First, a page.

Cross-border trade settlement in the yuan enjoys institutional guarantee, and infrastructure and technological support from the Chinese government, with the central bank issuing a circular last year to promote the yuan's use to settle foreign trade payments in a bid to ensure it better serves the real economy and increases trade and investment.

China also launched the Yuan Cross-border Interbank Payment System, or CIPS, in 2015 in order to build a stable financial infrastructure and a service platform for cross-border yuan settlement. With the aim of reducing transaction costs and processing time, the CIPS has made the yuan's use more efficient and promoted its internationalization. As of February 2023, the CIPS had 1,366 participants — 79 direct participants and 1,287 indirect participants — from 109 countries and regions.

There is a need to promote cross-border yuan settlement to make bilateral trade more efficient and boost the yuan's internationalization process. For example, China was the biggest trading partner of Brazil from 2009 to 2022, and since 2018, bilateral trade has exceeded $100 billion for five consecutive years, reaching $171.49 billion in 2022, an increase of 4.9 percent over 2021. Given that China is the biggest investor in Brazil's energy, minerals, agriculture, infrastructure and manufacturing sectors, the CIPS offers the two sides an alternative to the US dollar to settle trade payments to boost their trade.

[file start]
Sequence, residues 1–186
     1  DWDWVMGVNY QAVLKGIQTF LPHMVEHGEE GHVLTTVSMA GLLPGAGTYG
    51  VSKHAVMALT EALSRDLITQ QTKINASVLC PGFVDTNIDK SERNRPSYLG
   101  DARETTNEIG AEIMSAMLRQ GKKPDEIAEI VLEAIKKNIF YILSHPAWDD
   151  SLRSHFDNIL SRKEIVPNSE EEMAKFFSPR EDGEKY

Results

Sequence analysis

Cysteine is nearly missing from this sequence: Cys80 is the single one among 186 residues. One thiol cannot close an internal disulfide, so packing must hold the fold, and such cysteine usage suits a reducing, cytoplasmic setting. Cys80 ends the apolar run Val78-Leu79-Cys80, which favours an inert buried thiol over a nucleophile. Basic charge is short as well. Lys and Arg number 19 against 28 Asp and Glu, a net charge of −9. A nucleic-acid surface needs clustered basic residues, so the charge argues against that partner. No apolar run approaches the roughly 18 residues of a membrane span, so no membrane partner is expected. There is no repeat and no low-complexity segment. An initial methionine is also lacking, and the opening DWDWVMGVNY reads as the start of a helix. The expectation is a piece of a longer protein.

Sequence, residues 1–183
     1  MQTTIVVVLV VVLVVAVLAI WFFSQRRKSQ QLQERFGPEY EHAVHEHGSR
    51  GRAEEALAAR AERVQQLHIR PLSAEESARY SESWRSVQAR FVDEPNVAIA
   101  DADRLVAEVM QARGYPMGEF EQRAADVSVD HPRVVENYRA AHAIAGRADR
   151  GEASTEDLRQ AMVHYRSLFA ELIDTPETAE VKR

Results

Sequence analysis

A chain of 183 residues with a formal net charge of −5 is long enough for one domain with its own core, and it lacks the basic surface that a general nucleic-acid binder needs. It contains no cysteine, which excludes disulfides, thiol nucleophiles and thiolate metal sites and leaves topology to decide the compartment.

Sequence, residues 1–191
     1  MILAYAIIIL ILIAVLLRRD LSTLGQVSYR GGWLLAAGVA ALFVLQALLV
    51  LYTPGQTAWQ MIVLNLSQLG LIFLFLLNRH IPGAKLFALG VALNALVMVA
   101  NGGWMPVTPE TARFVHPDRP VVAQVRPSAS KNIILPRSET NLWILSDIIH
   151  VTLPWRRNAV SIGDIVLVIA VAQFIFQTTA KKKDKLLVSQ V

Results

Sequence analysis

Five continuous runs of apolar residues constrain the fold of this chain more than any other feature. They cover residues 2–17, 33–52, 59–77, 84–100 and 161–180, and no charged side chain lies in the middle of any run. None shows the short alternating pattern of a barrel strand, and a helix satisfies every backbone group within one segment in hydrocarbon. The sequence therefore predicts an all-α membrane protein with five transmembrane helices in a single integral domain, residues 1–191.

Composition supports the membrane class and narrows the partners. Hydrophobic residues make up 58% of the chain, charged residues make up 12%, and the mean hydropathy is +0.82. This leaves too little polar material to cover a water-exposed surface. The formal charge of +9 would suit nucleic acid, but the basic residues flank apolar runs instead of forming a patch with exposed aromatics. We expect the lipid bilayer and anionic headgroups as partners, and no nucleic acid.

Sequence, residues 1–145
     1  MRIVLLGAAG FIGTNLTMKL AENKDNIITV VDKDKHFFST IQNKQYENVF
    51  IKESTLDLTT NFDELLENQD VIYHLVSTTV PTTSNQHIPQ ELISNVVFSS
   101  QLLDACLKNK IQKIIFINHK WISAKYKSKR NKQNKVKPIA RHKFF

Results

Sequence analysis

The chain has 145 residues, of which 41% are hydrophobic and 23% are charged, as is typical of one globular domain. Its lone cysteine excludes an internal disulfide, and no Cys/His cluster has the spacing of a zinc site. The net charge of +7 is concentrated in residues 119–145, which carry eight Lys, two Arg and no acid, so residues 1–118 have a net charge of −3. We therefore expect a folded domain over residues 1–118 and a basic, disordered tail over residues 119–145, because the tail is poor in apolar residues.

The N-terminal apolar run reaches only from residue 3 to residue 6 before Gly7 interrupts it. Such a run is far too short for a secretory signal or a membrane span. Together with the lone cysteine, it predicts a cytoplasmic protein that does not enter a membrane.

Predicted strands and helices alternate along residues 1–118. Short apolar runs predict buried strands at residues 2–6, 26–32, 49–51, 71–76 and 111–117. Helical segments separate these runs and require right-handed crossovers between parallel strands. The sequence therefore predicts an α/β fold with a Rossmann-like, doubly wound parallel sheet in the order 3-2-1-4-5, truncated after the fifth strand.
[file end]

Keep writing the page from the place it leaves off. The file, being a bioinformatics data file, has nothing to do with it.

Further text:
The development of the CIPS can hasten the internationalization of the yuan, because if a country mostly conducts foreign trade in its own currency, its currency can become a fully convertible international currency more expeditiously.